A new archaeological discovery has been made, and as with the previous discovery of undiscovered chambers in the Bent Pyramid in Egypt, the key to making the find was found in the cosmos: this time, the connection was made by a high school student, using the stars to plot the locations of ancient Mayan cities.

Stemming from his fascination with Mayan culture after reading about that civilization’s prophecies on 2012, 15-year-old Canadian William Gadoury analyzed 22 constellations used by the ancient Maya, and applied them to the ground locations of 117 known Mayan cities, and found that the arrangement matched: the Maya had chosen their construction sites according to the stars, answering the question of why they had a predilection for putting their cities in unusual areas, "The Mayans were extremely good builders, but they often built in places that made little practical sense — far from rivers, far from fertile areas. It seemed strange for a civilization that was so intelligent," according to Gadoury.

However, there was a 23rd constellation that didn’t correspond to the Mayan layout: this constellation had three stars, but unlike the previous 22 arrangements, only two cities appeared in were accounted for. This prompted Gadoury to look to Google Earth’s satellite images, and sure enough, what appears to be a large square platform, covered in dense jungle, appeared in the images where the third star would have been.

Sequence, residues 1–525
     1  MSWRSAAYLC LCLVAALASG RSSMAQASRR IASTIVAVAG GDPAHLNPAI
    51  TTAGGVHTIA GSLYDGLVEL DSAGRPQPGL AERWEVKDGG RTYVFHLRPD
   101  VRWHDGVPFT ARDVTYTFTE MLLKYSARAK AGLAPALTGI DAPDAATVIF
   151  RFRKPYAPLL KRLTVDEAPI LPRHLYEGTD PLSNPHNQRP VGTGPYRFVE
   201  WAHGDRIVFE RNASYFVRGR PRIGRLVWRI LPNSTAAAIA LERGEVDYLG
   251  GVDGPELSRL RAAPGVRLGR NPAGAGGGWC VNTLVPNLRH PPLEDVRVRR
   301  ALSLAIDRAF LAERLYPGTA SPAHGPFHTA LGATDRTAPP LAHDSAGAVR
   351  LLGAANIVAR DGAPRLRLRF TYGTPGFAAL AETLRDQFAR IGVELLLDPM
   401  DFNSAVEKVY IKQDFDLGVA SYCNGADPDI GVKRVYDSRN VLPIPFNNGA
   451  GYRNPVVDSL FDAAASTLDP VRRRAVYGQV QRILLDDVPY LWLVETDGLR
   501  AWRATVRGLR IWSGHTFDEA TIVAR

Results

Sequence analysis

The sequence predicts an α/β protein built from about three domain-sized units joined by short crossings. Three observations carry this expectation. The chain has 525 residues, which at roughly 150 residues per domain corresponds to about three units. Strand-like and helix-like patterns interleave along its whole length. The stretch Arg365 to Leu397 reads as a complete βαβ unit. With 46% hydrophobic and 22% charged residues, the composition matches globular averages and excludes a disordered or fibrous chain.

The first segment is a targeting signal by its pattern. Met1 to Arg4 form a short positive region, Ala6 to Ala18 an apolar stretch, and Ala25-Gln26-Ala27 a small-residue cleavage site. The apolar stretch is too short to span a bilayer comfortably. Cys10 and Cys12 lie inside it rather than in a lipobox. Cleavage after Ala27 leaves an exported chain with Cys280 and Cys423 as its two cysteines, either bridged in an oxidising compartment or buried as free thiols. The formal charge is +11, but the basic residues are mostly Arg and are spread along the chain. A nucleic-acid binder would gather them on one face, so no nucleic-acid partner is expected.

After having won first place at his high school’s science fair for the discovery, Gadoury collaborated with the Canadian Space Agency to study the location with high-resolution RADARSAT-2 satellite images, providing more details from the site. "This is something we usually do with scientists that submit proposals to us, but since William’s proposal was so extraordinary, we decided to support him as we do regular scientists," explains CSA project officer Daniel DeLisle.

“What is fascinating about the project of William, is the depth of his research,” DeLisle continues. “Linking the position of stars and the location of a lost city and the use of satellite images on a tiny territory to identify the remains buried under dense vegetation, is quite exceptional.”

While Gadoury’s discovery is being criticized by some archaeologists who specialize in Mesoamerican studies, saying that he’s simply discovered an agricultural field, Francisco Estrada-Belli of Boston University cautions that until the site itself is examined in person, a determination of its importance can’t be determined. "If [Gadoury] can have access to LiDAR images, he can pretty much rule out certain areas, as well as confirm the location of even small Maya sites." LiDAR is a form of laser-scan imaging made from an aircraft, that can map the landscape’s topography, and possible solid structures on the ground, through the jungle’s canopy. A trip to the site might not happen soon, however, as it is extremely remote, and funds would have to be raised for such an expedition. Gadoury would like to investigate the site himself, having named it "K’aak Chi", meaning Fire Mouth in one of the Mayan dialects.